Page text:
It was not DB’s unpopular right-wing agenda that finally led the World Bank to pull the plug on its most high-profile report, but rather the Bank’s revelation last week that officials at the highest level had connived to alter DB’s findings in attempts to please governments of some powerful and rich countries. Those implicated include the current head of the Bank’s sister institution, the IMF, Kristalina Georgieva, for acts that occurred in 2017-2019 when she was the Bank’s chief executive (a position that was eliminated when she left the Bank).

International Monetary Fund chief Kristalina Georgieva has tried to minimize her role in the data manipulation scandal. Credit: Getty Images

The incidents described in the Bank’s investigative report include an elaborate operation, led by Georgieva, to change data and improve the results for China in the DB 2018 report, the drafting of which coincided with negotiations to increase the World Bank’s capital base. The Bank was counting on a substantial financial contribution from China as a result of these negotiations.

A later incident related in the Bank’s investigation concerned an official named Simeon Djankov, a Bulgarian compatriot of Georgieva’s who happened to be a founder of DB whom she brought in to authorize changes to the report and subsequently promoted to be head of the Bank’s large economics department. In January 2019 Djankov travelled to Saudi Arabia where he delivered a speech promising that the country “would see significant gains in its Doing Business performance” as a result of having paid the Bank substantial fees to deliver so-called Reimbursable Advisory Services. In September of that year DB staff did in fact alter data to improve Saudi Arabia’s score in DB 2020 as instructed by Djankov, according to the Bank’s investigation.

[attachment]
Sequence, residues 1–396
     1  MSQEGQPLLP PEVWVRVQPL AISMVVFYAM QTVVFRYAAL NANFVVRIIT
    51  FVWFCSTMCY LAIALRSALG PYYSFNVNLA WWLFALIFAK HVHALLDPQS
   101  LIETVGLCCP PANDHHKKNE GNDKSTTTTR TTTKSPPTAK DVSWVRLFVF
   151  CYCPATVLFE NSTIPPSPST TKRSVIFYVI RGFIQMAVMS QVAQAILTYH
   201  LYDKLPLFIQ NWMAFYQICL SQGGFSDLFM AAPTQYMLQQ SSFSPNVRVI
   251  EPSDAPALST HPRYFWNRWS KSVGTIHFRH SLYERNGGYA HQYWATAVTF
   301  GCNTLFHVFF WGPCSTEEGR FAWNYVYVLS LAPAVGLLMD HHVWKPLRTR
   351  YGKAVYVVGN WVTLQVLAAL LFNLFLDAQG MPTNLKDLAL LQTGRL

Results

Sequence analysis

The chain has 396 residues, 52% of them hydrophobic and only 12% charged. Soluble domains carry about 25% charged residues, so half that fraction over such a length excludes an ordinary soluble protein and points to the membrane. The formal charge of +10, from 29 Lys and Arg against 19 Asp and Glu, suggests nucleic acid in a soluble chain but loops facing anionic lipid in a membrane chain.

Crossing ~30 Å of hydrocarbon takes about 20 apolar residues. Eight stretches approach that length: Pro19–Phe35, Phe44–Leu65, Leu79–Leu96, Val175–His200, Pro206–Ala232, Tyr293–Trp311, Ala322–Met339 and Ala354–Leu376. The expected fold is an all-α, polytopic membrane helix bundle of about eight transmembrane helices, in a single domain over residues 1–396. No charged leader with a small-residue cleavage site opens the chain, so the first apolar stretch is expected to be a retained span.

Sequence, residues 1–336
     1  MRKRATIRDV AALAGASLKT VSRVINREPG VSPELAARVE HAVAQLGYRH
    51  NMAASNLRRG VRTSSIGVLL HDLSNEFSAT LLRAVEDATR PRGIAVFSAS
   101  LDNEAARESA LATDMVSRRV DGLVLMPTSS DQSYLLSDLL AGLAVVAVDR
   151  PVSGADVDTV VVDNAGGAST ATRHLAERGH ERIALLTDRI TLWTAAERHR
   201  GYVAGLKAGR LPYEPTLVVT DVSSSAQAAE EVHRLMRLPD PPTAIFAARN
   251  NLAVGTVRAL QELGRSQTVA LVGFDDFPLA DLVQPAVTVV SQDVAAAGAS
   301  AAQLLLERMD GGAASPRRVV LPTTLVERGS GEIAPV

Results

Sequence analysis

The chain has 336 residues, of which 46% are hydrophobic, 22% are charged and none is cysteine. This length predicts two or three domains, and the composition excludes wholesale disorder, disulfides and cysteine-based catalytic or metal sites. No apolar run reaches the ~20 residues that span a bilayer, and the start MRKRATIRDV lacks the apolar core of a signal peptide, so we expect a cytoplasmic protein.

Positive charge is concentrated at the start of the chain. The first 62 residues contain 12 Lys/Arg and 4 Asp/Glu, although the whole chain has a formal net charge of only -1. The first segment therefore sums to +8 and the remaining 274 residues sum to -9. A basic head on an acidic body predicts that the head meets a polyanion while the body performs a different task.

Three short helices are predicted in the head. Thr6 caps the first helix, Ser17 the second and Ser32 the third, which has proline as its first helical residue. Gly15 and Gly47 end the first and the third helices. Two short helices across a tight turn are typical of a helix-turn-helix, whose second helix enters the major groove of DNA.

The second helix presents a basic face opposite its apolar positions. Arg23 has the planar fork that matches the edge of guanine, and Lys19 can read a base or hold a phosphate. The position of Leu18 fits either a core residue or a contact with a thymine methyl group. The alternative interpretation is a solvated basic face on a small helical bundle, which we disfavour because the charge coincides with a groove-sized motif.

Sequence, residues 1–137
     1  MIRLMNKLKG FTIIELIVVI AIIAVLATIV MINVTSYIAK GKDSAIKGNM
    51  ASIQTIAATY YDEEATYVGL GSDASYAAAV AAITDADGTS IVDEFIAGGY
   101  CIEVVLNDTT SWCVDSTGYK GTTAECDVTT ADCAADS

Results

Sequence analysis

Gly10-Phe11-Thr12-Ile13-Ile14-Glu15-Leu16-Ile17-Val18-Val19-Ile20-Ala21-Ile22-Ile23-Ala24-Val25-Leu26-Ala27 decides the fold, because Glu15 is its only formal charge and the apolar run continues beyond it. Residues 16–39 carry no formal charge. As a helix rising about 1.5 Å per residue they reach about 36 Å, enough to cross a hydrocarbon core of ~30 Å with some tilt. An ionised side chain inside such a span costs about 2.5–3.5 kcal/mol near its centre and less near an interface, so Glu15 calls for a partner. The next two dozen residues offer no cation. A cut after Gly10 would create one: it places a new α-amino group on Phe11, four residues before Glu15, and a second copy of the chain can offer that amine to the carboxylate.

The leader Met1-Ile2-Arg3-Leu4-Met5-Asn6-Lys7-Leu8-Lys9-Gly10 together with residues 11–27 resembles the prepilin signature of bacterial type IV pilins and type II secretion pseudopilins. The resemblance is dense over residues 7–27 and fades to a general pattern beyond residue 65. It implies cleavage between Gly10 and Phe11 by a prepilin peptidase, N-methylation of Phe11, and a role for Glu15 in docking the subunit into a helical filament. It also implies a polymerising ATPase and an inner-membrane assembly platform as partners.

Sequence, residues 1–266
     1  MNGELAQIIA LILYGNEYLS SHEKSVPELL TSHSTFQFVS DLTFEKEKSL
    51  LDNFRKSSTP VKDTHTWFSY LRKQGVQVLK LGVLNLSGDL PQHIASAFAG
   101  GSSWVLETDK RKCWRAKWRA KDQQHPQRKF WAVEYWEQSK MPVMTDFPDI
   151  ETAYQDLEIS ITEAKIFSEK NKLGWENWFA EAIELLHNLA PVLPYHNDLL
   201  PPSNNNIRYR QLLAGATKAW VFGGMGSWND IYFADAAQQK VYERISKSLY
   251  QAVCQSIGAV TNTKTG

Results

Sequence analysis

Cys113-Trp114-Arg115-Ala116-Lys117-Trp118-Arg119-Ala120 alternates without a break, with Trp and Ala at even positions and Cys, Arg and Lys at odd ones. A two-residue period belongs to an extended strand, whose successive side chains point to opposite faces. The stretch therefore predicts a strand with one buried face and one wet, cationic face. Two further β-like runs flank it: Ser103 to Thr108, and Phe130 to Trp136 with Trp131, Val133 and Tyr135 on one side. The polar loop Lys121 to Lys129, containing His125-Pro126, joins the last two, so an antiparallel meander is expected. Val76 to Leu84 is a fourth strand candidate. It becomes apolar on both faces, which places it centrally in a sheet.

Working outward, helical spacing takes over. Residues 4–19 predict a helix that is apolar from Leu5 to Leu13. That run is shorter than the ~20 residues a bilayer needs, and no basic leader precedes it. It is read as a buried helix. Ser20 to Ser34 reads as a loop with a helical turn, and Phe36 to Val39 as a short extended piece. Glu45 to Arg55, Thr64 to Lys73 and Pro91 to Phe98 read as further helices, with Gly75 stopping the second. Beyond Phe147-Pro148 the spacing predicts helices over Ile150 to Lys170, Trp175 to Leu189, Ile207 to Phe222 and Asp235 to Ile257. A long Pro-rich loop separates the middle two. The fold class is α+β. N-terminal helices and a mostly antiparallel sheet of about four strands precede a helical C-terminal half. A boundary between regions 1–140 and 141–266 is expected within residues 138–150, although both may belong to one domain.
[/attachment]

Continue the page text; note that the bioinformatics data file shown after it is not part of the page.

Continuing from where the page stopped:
This latest data-tampering scandal involving Doing Business is not the first. In late 2017, the Bank’s chief economist, Paul Romer, publicly apologized for “unjust” changes to DB methodology that made Chile appear to be a worse performer when the Socialist Party was in power than when the conservatives ruled, even though no significant regulatory changes had taken place. Romer speculated that Chile’s changed DB status was “politically motivated.” Georgieva responded in January 2018 by quickly terminating Romer (who later that year was awarded the Nobel prize in economics) and giving his responsibilities to Djankov. The latter’s first task was to prepare and issue what, under Djankov’s direction, became a highly retrograde World Development Report on the future of work. His other major responsibility was to take over control of DB.